Secularization is a slippery notion. At its heart is the idea that our consciousness is restricted to the world of the senses–what you can see, touch, taste, weigh, measure, calculate, and so on. We have become as one-dimensional as Elisha’s servant who couldn’t see the chariots and horses of fire. Now Jesus lived in a busy and public world where there was no room to move and hardly room to eat. But in the middle of that, he found time for solitude, prayer, and fasting. So calling, to live as Jesus lived, to follow his way of discipleship, includes being called to the spiritual disciplines, which open up to us a world beyond the five senses.

I remember when I was in Australia, speaking on modernity, a visiting Japanese CEO came up to me and said, “When I meet a Buddhist monk, I meet a holy man in touch with another world. When I meet a Western missionary, I meet a manager who is only in touch with the world I know.” You could say today that many, many Christians are atheists unawares; they are implicit, practicing atheists because they are so secular in their consciousness. So we have words like prayer, supernatural, revival, but we don’t actually operate in the world named by those words. To live with the spiritual disciplines opening us up to another reality, to other powers and other dimensions, cracks secularization very powerfully.

You say that calling is central to the challenge and privilege of finishing well in life. How so?

Previous generations of Christians took seriously the notion of dying well, and you can see that in great old lives like Michelangelo. But today, with lengthy retirement, better health, and higher prosperity, the notion of a golden age (which isn’t in fact always that golden) is possible. Our notion is not simply dying well, but finishing well.

Here is where many of the old problems come again. If you’ve identified calling with your job, and your whole sense of identity and self-worth comes from the job you do, what happens when you lose your job or retire? But the person with a true sense of calling is never uncalled, even if he is unemployed or retired.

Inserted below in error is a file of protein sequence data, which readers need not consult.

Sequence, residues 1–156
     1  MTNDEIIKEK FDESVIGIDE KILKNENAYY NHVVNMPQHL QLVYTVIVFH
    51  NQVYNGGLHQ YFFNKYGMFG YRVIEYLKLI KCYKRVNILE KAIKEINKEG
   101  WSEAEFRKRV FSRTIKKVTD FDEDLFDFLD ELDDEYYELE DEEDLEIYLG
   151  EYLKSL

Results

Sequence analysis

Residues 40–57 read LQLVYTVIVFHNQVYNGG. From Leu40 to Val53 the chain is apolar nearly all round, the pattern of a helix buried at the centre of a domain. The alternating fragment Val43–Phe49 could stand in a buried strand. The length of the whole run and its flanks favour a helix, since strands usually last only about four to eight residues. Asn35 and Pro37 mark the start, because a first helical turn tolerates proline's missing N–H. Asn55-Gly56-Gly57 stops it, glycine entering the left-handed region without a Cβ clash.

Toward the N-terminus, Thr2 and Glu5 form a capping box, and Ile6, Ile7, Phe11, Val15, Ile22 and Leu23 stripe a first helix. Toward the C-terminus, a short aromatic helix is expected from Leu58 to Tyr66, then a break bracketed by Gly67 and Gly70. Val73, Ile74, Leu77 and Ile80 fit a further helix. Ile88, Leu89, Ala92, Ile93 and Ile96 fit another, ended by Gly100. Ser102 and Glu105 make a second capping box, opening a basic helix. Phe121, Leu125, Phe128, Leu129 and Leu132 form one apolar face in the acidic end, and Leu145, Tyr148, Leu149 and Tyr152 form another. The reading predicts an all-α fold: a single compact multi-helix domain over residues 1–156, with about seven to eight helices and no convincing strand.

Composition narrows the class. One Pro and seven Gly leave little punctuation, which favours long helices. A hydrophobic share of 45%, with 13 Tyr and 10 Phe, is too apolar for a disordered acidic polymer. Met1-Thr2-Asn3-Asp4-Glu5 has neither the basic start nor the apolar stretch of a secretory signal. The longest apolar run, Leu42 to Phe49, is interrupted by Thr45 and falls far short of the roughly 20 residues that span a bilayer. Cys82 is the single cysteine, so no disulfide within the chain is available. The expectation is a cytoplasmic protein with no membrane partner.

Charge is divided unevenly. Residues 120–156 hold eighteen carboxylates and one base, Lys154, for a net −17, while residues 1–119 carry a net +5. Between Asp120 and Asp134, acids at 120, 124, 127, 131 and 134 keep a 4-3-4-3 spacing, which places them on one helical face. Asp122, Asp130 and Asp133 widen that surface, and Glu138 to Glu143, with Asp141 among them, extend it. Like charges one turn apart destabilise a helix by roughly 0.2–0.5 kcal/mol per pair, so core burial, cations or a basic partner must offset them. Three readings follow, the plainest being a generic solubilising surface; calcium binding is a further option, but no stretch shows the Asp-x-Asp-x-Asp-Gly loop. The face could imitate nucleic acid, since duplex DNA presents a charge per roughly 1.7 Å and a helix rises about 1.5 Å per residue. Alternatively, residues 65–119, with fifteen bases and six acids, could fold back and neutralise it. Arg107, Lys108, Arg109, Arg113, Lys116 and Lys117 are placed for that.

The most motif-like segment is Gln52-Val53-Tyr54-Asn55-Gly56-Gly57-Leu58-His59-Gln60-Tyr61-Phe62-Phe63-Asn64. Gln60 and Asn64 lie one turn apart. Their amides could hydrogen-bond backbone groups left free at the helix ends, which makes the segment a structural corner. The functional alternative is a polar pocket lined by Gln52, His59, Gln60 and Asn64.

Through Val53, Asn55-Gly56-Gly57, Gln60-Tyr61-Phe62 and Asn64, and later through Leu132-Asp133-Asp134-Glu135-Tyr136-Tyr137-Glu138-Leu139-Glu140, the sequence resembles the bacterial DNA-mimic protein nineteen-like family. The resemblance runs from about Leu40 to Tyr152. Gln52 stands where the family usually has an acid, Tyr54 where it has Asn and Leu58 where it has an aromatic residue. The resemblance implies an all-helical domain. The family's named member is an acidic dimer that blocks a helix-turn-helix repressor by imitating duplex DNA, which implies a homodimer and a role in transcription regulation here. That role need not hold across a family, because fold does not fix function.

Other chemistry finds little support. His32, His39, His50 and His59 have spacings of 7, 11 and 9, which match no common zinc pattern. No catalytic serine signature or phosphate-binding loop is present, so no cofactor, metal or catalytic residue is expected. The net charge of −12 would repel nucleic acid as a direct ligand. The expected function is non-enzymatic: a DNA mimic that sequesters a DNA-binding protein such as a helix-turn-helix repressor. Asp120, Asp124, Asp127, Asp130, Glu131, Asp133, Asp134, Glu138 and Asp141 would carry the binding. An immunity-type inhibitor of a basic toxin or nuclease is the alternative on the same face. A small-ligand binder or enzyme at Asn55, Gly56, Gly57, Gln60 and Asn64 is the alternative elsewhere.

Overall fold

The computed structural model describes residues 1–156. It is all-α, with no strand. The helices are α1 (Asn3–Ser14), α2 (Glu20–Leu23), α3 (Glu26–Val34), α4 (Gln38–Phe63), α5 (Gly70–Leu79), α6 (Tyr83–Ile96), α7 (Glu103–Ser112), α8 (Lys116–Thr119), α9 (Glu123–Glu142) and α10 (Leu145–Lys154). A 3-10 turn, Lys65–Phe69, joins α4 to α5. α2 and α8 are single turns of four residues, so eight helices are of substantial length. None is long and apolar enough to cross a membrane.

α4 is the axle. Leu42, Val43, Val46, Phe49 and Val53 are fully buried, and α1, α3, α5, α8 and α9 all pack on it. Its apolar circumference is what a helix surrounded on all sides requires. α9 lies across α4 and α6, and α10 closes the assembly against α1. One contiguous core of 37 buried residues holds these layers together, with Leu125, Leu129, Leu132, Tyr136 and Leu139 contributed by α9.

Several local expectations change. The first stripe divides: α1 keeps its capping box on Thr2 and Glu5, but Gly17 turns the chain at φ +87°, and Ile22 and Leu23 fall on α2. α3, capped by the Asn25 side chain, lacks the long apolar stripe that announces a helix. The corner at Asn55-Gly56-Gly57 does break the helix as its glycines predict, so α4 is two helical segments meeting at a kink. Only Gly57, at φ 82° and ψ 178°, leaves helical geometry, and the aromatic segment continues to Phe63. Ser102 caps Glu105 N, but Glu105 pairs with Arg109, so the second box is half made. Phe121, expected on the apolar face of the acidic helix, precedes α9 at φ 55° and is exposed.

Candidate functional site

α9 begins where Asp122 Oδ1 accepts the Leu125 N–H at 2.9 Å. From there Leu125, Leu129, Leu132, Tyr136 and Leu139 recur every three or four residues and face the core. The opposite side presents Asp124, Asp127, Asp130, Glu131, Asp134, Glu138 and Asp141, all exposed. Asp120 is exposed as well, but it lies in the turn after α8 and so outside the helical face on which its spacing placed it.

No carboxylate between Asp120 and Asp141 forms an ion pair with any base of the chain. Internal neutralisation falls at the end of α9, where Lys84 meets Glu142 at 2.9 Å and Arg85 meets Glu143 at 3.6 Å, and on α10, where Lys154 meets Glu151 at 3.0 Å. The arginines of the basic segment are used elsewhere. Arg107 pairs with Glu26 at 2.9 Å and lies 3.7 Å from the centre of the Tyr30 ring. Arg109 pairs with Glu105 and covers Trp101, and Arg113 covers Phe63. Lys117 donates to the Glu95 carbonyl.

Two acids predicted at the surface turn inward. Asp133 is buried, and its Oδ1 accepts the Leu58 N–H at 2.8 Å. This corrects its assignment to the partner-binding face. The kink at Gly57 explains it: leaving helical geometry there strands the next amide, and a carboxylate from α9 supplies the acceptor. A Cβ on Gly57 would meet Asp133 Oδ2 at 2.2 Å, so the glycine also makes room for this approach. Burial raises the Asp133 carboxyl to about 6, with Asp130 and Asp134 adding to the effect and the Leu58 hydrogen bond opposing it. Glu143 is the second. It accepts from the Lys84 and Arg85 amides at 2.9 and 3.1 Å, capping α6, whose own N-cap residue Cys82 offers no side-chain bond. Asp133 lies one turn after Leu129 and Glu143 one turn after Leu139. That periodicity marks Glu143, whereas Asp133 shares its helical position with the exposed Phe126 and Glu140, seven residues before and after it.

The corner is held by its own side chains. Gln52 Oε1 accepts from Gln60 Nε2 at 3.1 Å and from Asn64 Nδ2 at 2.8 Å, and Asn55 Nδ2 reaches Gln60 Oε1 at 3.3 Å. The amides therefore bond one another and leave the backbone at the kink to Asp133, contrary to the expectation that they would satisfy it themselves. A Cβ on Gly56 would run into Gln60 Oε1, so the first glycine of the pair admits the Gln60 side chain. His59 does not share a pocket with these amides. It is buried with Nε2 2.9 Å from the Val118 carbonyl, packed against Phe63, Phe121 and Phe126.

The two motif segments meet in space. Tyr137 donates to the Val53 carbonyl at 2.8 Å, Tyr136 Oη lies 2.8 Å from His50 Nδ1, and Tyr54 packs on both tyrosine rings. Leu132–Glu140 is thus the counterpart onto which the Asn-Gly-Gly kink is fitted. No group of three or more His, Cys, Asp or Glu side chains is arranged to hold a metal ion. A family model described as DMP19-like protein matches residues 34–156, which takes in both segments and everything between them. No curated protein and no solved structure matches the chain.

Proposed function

Finishing well, of course, ultimately means dying well. When William Wilberforce died, just three days after the abolition of slavery passed in the House of Commons, in the great tribute to him they said that the termination of his life and the termination of his labors coincided. That’s unusual. For most of us, our life will be terminated before our labors.

We need to remember that within the Christian view is a sense of incompleteness. We’re never expected to have completion in the here and now. Very few people will reach a ripe, fully accomplished old age and then die, like a Wilberforce or Winston Churchill. Many more people, whether they are longing for their children’s salvation or something to happen in the world, will see their dreams incomplete. Death is an interruption to what we are doing in this world, but it is also a call home to the Caller. It is not an interruption of our calling; it is the culmination and climax of our calling.